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Critics Fuming as State Panel Rejects Bill to End Smog Tax


The unpopular--and possibly unconstitutional--California smog impact fee could be around longer, after legislation to abolish the tax was dealt another major setback earlier this month.

Ever since I wrote about the $300 smog tax assessed on individuals who move into California with cars from other states, I have been inundated with letters from readers who argue that the tax is unfair and they want their money back.

Last week, a bill to end the tax was voted down in the Senate Transportation Committee. It will be reconsidered next week, but the bill has failed the last two years--despite a 1997 ruling in Superior Court that the whole tax is unconstitutional. That ruling is under appeal.

The absurdity of this whole issue is that the tax--which will bring in more than $60 million this year alone--is supposed to fund programs to assist low-income motorists who cannot afford to have their cars' emission-control systems repaired and allow the state to buy older, high-emission cars to get them off the road.

FOR THE RECORD - Dings and Scratches
Los Angeles Times Thursday April 22, 1999 Home Edition Highway 1 Part G Page 9 Financial Desk 1 inches; 27 words Type of Material: Correction
Smog tax--Because of an editing error, the Your Wheels column April 15 misstated the amount in smog impact fees California has collected since the mid-1990s. The correct figure is $250 million.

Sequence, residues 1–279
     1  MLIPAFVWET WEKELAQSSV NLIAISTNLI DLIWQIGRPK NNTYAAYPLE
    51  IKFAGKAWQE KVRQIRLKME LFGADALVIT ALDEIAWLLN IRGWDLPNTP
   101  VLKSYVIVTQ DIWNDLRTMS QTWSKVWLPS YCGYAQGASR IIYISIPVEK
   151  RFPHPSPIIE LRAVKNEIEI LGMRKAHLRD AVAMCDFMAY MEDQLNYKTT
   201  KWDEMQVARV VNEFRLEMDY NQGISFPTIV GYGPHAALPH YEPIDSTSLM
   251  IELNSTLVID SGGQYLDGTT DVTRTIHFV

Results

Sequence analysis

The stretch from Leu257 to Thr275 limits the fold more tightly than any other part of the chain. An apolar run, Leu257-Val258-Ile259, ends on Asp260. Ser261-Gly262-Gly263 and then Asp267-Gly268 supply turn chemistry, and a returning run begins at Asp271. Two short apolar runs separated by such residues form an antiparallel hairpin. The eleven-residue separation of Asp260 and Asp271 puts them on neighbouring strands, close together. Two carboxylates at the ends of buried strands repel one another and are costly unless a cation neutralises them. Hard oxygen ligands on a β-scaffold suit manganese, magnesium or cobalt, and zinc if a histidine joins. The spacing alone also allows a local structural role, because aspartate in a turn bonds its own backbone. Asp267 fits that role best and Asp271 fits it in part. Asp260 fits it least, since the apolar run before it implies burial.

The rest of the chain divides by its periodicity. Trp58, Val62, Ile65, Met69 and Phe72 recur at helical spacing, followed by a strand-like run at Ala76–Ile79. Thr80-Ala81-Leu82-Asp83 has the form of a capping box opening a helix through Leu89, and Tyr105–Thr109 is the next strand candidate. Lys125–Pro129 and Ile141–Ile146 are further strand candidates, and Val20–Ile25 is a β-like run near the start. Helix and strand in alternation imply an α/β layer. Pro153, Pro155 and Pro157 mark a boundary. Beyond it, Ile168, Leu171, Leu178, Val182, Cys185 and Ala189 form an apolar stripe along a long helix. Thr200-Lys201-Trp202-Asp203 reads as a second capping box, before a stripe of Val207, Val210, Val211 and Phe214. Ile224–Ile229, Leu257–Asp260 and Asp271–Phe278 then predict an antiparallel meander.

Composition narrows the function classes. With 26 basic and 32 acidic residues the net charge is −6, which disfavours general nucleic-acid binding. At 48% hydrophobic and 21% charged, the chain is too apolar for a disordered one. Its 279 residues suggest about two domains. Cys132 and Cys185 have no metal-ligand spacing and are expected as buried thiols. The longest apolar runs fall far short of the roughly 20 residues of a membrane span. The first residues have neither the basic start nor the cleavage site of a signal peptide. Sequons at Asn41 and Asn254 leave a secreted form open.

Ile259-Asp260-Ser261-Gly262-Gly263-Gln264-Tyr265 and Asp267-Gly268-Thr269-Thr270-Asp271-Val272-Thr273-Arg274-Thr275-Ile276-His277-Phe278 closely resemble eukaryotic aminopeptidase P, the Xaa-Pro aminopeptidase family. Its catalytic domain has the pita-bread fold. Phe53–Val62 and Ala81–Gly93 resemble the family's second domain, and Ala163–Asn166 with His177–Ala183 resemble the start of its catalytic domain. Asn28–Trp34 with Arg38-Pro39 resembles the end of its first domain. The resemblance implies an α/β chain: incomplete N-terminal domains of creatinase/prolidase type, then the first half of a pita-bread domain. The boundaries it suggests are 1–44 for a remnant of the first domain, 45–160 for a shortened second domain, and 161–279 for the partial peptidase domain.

But in Senate hearings, it was disclosed that only 60 motorists had applied for help under the repair program, which is run by the Bureau of Automotive Repair.

So far, BAR has spent less than $1 million on repair assistance and has banked millions of dollars in smog taxes. An agency spokesman said BAR is easing restrictions in the program and expects the demand for repair assistance to grow.

California has collected more than $25 million on the tax since the mid-1990s, based on the theory that cars not certified to the state's tough vehicle-emissions laws should be penalized for the pollution they cause.

But many cars sold in other states are identical to California-certified vehicles, critics say, and the vast majority of cars assessed the $300 fee easily pass the state's annual smog test. Critics charge that the fee is little more than a revenue measure enacted against a group without political representation.

"Despite its name, this fraudulent fee has nothing to do with smog impact," said Larry Fafarman, president of the Committee against Unconstitutional Smog Taxes in California (

Indeed, the smog fee was struck down as unconstitutional by Superior Court Judge Joe Gray in 1997 in Sacramento. The Department of Motor Vehicles, which collects the fee for BAR, is appealing and so far is not informing motorists that they may be due a refund.

Final legal briefs in the appeal will be filed Monday and oral arguments will follow with a ruling 90 days later, according to Joseph Cohen, a New York attorney involved in the case. Unlike the legislation--which would simply abolish future taxes--the court case will force California to refund past taxes.

But the thought of losing any taxes, past or future, was apparently too much for the Senate last week. The Transportation Committee voted down SB230 by one vote, out of concern for lost revenue, according to aides for Sen. Maurice Johannessen (R-Redding), who is sponsoring the bill.

Many readers of Your Wheels have asked where they can get refunds. At this point, there are no refunds being given. But Fafarman recommends people apply now for a refund. Though there is no DMV office to handle such requests, mail can be sent to DMV, 2415 First Ave., Sacramento, CA 95818.

A DMV spokesman said such letters may be premature since the courts would probably order a campaign to inform individuals on such refunds if the tax is ultimately outlawed.

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